"The groundwork of all happiness is health." - Leigh Hunt

Do you hear what I see? How blindness changes the way you process the sound of movement.

There is nearly nothing on this planet. Small children run into the lounge. Cars zip by on the road. Motion is some of the. Important features in the environment; The ability to predict the movement of objects on this planet is usually directly related to survival – whether it's a gazelle detecting the slow motion of a tiger or a driver merging into 4 lanes of traffic.

Motion is so necessary that the primate brain developed a dedicated system for processing visual motion, called the medial temporal cortex. 50 million years ago. This area of ​​the brain accommodates neurons specialized for detecting moving objects. This Motion detectors Compute the data needed to trace objects as they repeatedly change their location over time, then send signals in regards to the moving world to other regions of the brain, reminiscent of those involved in planning muscle movements. Is.

The medial temporal cortex is involved within the processing of visual motion.
Gray, vectorized by mysid, colored by was_a_bee/Wikimedia Commons

It's easy to grasp that you just see and listen to movement the identical way. However, how the brain processes auditory motion. Open scientific question For at the least 30 years. This debate centers on two theories: one supports the existence of specialised auditory motion detectors just like visual motion, and the opposite suggests that folks hear object motion as discrete snapshots.

As Computational Neuroscientistswe were intrigued after we saw a blind woman confidently crossing a busy intersection. Our laboratory has spent the past 20 years examining where auditory motion is represented within the brain of blind people.

Crossing a busy street based on hearing alone is an unattainable task for sighted people, as their brains Trust the vision To understand where things are. As anyone who has tried to search out a beeping cellular phone dropped behind a couch knows, sighted people have a really limited ability to infer the placement or movement of objects based on auditory information.

Yet individuals who develop into blind are capable of sense the moving world using only sound. How do people hear motion, and the way does being blind change this?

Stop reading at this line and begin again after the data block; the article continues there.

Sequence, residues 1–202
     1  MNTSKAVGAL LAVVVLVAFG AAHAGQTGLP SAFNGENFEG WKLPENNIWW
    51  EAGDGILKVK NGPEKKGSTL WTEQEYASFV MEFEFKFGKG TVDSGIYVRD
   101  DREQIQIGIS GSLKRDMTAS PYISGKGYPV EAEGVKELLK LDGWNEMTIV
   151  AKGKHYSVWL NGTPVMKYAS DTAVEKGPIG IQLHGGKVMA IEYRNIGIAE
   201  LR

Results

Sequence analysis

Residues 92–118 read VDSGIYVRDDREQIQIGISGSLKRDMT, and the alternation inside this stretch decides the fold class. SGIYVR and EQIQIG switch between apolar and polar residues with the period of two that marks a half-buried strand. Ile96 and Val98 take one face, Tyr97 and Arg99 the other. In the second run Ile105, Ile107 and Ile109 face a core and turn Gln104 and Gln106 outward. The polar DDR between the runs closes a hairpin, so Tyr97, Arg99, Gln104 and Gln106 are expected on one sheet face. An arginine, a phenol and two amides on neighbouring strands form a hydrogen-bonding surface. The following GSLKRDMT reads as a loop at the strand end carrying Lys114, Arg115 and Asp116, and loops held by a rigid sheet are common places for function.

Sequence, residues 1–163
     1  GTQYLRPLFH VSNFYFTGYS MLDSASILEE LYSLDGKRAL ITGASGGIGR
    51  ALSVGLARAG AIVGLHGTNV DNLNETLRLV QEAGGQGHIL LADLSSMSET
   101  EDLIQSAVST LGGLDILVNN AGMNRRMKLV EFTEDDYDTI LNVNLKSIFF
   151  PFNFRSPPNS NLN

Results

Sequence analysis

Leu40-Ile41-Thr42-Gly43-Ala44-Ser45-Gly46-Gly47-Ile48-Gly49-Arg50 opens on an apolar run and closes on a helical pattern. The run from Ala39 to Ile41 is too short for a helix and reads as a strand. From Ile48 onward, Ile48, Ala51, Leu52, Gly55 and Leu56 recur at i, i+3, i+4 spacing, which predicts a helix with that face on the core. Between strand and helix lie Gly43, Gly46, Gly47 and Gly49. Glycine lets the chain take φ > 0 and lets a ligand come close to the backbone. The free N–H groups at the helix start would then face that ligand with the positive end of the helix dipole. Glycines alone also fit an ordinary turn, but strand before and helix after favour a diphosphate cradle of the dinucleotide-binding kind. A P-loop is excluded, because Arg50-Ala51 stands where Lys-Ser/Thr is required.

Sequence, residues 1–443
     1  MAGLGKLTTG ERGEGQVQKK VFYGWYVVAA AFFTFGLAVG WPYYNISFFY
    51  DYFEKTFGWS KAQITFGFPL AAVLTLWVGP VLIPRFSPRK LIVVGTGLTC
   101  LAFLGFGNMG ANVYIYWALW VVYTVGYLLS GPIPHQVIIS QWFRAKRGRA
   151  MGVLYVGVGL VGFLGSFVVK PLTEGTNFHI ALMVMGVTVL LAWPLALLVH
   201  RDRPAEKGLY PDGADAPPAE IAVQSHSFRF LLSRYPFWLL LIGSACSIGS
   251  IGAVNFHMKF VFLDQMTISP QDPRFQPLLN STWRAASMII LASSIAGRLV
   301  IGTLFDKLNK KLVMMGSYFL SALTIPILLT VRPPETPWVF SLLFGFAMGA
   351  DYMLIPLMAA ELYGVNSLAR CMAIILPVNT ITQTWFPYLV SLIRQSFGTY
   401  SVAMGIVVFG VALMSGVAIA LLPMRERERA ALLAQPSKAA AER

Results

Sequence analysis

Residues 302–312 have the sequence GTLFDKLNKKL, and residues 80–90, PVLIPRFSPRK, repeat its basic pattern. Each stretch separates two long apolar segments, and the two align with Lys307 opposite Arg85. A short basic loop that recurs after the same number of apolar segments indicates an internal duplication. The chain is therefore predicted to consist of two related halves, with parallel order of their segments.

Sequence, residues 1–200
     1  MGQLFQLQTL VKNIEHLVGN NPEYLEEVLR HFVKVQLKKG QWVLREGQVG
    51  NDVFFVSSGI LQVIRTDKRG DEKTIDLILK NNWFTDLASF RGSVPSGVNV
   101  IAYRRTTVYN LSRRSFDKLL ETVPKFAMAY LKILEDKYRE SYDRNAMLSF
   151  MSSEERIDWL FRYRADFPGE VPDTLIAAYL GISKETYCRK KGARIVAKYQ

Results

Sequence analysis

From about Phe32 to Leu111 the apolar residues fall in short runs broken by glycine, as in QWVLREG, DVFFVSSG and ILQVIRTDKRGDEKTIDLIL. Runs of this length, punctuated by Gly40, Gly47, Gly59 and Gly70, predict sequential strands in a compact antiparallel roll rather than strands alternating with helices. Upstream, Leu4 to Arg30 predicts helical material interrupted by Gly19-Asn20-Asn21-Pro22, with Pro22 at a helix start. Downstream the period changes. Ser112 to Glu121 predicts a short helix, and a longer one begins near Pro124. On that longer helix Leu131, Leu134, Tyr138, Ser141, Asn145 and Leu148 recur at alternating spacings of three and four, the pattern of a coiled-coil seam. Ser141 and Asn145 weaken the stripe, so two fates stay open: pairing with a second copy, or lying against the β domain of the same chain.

Aerial view of pedestrians at crosswalk, a few cars waiting on edge.
People who're blind are higher capable of track auditory motion in noisy situations than sighted people.
Orbon Alija/E+ via Getty Images

Crossing a busy street by voice alone

In our A recently published study In the journal PNAS, we tackled the query of how blind people hear motion by asking a rather different version: Are blind people higher at perceiving auditory motion? And if that's the case, why?

To answer this query, we used a sure bet where we asked study participants to guage the direction of a sound moving left or right. This moving sound was embedded in bursts of stationary background noise just like radio static that were randomly placed in space and time.

Our first query was whether blind participants would perform higher on the duty. We measured how loud the auditory motion needed to be for participants to perform the duty accurately 65% ​​of the time. We found that blind participants' hearing didn't differ from sighted participants. However, blind participants were capable of determine the direction of the auditory movement. Very quiet levels More than sighted participants. In other words, individuals who became blind early in life are higher at hearing the auditory movement of objects in a loud world.

Showing the movement of an object from one corner of the plane to another, where the blind participant can detect the position of the object more closely than the sighted participant.
Blind participants were capable of determine the position of the item because it moved and stopped more closely than sighted participants.
Ione Fine and Woon Ju Park, CC BY-NC-ND

We then examined how noise bursts interfered with the power to inform the direction of movement. For each sighted and blind participants, only noise bursts in the beginning and end of every trial affected performance. These results show that folks don't repeatedly track objects using sound: as a substitute they infer auditory motion. The position of their beginning and ending soundsis more consistent with the snapshot hypothesis.

Both the blind and the sighted inferred movement from the onset and stop of the sound. So why were blind people so a lot better at understanding auditory motion than sighted people?

Further evaluation of the consequences of background noise on the power to trace auditory motion showed that blind participants were only affected by noise bursts occurring at the identical time. Same places in space and moments in time As the onset and offset of moving sound. This means they were more sensitive to the start and end of the particular auditory movement and fewer sensitive to bursts of unrelated noise.

When you hear what I see.

As any parent of a blind child will inform you, understanding movement is advantageous. One of many ways That blind children learn to interact with the world using different gestures and actions.

A sighted child recognizes the face of its parent because it approaches the cradle, while a blind child recognizes the sound of their footsteps. A sighted toddler looks on the dog to get his parent's attention, while a blind toddler does Pull your parents' hand. In the direction of barking.

Understanding the potential of blind people Learn how to communicate successfully. Provides a novel appreciation of the extraordinary flexibility of the human mind with a world designed for the viewer.